The National Association of Manufacturers filed a motion Thursday in U.S. District Court to intervene on behalf of the Securities and Exchange Commission in a lawsuit brought against the regulator by proxy advisory firm Institutional Shareholder Services over the SEC's recent rule-making on proxy advice.
NAM has long supported stricter oversight of proxy advisory firms and welcomed the SEC's actions in July when it approved sweeping changes to the rules governing those firms. Specifically, the SEC adopted amendments that require proxy advisory firms to disclose conflicts of interests to clients and allows companies that are the subject of voting advice to be able to access that advice prior to or at the same time as the advice is disseminated to clients.
The SEC also stipulated that proxy voting advice generally constitutes a solicitation.
"The SEC's deliberate approach to this issue has resulted in vital reforms that will provide manufacturers and their shareholders with more information about these unregulated actors, and the NAM plans to vigorously defend the rule in court," said Linda Kelly, NAM senior vice president and general counsel, in a statement.
In an email, an ISS spokesman said that "ISS opposes the NAM's effort to inject itself into this lawsuit. However, this action confirms our view, and the view of most institutional investors, that the SEC's proxy adviser rule-making was undertaken for the benefit of big business and not for the Main Street investors that proponents claimed to be protecting."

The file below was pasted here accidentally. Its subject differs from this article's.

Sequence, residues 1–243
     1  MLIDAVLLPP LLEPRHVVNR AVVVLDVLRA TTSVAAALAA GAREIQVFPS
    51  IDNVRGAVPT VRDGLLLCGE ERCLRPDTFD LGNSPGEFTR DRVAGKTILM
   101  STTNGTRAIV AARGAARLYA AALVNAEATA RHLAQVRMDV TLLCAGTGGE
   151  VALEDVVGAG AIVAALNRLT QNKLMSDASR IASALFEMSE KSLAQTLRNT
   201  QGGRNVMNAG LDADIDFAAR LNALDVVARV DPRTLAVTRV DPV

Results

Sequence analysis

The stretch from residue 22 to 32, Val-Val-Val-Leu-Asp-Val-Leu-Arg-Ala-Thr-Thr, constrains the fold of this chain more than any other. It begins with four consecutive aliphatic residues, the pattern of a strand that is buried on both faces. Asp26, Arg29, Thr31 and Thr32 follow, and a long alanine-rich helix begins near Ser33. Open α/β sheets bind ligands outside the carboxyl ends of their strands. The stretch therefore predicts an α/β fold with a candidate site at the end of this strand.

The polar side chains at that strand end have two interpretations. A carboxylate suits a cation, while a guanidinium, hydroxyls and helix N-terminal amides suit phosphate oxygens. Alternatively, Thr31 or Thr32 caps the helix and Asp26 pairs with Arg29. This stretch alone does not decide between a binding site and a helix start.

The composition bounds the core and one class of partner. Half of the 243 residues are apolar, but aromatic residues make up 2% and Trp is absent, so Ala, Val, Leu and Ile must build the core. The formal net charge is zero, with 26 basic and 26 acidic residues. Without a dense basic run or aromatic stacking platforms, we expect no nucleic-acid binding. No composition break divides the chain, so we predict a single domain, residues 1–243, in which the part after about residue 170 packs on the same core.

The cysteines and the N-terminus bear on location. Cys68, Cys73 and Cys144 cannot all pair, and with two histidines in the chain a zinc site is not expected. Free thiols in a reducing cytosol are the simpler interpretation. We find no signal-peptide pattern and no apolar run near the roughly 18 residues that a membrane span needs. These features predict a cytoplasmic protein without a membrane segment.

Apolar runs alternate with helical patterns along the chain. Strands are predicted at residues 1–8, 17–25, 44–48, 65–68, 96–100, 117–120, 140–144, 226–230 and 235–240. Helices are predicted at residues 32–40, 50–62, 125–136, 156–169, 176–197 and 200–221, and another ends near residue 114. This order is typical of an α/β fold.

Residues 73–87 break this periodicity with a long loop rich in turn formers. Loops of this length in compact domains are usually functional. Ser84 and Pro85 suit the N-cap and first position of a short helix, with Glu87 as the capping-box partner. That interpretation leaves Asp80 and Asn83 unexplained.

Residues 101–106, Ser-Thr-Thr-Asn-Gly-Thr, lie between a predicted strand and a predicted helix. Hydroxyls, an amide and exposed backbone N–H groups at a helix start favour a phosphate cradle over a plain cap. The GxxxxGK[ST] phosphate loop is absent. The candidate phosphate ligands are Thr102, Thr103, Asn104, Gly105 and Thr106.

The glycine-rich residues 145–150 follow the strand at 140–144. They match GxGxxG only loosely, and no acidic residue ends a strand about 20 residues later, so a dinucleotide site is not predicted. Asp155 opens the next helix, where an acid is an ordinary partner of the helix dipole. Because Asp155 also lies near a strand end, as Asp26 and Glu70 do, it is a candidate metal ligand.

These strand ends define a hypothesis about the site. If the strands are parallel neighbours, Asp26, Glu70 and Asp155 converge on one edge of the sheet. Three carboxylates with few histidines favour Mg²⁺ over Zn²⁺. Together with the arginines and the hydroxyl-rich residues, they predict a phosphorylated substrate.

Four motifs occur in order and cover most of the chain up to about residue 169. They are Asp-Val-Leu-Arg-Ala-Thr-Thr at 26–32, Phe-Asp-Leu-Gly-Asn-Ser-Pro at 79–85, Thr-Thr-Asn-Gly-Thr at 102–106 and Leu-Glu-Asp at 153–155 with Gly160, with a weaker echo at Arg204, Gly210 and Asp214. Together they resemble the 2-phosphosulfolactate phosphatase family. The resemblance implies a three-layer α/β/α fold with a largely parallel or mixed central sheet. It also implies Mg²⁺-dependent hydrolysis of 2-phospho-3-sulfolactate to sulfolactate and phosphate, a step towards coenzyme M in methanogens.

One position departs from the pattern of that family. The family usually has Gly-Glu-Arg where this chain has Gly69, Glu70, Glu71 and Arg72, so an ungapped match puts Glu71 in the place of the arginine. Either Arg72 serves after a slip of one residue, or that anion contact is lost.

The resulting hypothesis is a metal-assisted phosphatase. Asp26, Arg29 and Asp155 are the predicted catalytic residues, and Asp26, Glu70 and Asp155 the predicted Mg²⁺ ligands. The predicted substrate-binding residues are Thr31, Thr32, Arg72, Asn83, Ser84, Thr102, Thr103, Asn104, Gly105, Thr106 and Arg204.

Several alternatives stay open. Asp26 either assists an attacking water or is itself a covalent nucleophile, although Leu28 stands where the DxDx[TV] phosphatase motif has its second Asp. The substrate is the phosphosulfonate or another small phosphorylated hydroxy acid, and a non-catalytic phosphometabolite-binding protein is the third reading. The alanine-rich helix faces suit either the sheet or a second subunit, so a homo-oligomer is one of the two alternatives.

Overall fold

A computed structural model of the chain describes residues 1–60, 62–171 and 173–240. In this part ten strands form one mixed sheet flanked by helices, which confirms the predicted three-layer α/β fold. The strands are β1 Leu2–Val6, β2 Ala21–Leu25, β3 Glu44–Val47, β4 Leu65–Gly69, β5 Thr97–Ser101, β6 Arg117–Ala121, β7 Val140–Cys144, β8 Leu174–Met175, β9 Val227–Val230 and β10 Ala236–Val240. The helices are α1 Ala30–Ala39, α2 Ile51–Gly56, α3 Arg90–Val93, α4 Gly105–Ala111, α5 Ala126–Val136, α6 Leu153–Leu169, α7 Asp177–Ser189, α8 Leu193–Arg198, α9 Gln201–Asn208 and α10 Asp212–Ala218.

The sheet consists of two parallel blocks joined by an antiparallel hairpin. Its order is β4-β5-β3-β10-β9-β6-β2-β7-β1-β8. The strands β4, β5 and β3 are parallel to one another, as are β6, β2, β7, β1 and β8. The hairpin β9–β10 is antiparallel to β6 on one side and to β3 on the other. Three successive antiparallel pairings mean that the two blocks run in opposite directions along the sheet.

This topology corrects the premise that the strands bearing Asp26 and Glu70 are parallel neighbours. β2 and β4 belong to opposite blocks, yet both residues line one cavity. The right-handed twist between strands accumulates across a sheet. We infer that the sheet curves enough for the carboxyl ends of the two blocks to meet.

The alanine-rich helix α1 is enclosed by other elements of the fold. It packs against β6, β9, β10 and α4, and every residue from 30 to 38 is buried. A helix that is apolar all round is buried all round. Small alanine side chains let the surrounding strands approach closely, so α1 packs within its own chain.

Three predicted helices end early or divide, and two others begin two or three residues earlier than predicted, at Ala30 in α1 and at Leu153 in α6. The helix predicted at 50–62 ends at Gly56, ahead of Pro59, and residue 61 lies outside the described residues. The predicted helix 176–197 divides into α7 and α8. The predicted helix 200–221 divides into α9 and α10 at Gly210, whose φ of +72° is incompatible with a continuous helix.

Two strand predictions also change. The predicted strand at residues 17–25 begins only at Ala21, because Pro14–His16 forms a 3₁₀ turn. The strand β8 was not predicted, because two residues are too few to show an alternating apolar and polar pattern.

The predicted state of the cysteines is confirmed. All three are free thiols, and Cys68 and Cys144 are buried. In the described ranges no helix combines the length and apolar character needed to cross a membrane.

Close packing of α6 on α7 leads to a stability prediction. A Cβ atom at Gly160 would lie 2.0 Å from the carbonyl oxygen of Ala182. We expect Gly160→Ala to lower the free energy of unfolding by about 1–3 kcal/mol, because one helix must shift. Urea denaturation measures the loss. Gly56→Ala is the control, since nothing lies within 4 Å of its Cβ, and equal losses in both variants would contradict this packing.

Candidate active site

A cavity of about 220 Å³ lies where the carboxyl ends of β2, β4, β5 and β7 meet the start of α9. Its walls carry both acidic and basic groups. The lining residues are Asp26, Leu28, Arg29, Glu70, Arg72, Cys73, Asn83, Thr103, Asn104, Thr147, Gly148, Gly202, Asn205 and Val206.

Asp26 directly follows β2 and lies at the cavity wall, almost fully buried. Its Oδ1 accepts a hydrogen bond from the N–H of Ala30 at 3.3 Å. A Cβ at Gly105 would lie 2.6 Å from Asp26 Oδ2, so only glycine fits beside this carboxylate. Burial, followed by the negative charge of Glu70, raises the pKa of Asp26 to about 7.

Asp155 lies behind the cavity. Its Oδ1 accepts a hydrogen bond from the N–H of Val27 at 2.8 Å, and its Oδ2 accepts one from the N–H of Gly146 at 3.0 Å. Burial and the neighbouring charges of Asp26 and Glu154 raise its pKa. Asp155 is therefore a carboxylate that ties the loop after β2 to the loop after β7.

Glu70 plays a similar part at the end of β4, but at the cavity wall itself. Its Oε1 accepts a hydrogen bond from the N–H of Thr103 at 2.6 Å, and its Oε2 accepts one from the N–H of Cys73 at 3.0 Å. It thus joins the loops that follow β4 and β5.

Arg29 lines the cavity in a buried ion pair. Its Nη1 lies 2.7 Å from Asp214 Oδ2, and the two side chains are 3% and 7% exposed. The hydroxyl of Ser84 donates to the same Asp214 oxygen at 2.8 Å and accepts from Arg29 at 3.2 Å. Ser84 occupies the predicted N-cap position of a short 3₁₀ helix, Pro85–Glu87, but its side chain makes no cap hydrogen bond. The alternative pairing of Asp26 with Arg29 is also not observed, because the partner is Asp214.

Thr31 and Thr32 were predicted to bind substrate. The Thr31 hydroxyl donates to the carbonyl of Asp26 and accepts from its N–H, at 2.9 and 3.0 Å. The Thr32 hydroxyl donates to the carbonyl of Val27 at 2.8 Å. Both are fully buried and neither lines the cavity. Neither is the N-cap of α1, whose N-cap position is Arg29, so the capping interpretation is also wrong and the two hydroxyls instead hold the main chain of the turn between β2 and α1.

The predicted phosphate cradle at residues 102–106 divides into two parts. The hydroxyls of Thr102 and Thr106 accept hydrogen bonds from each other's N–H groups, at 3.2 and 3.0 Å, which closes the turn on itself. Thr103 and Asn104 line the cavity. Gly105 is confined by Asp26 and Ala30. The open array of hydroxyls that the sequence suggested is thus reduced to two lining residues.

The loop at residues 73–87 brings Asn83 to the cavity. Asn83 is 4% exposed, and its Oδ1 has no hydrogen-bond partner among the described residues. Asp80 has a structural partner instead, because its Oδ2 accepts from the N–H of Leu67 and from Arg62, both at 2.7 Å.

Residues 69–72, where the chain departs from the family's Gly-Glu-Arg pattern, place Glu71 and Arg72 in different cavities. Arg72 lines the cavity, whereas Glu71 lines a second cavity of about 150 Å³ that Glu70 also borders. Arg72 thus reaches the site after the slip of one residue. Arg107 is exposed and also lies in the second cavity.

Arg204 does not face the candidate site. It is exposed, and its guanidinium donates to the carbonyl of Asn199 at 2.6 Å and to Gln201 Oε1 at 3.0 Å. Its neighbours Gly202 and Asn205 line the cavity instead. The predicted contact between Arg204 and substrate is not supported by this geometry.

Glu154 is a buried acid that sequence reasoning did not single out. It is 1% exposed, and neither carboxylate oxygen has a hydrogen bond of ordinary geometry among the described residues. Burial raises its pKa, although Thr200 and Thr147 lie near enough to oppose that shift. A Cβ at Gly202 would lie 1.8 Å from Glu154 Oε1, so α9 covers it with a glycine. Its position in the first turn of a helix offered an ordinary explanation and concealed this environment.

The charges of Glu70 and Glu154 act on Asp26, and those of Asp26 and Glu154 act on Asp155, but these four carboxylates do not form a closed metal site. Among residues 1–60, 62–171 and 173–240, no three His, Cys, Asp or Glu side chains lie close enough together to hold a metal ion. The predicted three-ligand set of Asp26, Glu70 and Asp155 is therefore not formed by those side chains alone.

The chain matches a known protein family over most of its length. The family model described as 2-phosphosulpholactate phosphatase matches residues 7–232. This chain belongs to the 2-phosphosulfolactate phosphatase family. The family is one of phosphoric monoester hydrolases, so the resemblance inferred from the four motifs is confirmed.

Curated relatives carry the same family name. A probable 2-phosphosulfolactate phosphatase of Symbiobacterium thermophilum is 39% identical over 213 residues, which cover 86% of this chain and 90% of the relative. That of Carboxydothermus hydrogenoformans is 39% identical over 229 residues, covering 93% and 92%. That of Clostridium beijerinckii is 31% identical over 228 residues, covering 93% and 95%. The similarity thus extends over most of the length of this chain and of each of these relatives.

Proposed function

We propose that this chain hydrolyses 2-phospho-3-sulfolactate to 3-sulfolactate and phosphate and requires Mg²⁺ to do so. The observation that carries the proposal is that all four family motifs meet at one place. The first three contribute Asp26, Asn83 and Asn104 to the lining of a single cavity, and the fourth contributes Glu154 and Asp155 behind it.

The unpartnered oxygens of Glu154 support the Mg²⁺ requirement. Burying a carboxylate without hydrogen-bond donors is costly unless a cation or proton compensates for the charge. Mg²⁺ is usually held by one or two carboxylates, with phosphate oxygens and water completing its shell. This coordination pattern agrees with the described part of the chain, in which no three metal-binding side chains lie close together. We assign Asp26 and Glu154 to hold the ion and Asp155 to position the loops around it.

ISS originally filed a complaint in the U.S. District Court for the District of Columbia, Washington, in October 2019, after the SEC proposed the rule-making but before it was finalized. In January, the lawsuit was placed on hold until final rules were adopted.
And while the SEC did scale back its proposal — notably, it removed a provision that would've allowed companies that are the subject of voting advice to make revisions before final recommendations went out to clients — ISS filed an amended complaint in September seeking to invalidate and enjoin the rules that declare that proxy advice constitutes a solicitation.
Gary Retelny, president and CEO of ISS, said in a statement that ISS' complaint contends that the SEC's rules exceed the agency's statutory authority because they unlawfully regulate proxy advice as proxy solicitation. Moreover, the rules are "arbitrary and capricious" because the SEC did not adequately explain why the existing regulatory structure provided by the Investment Advisers Act of 1940 was insufficient to address any purported concerns with proxy advice. Lastly, the rules violate the First Amendment to the extent they compel proxy advisers to share their recommendations with issuers and disseminate issuers' responses.
ISS is optimistic that the court will rule on this matter by early 2021, Mr. Retelny said.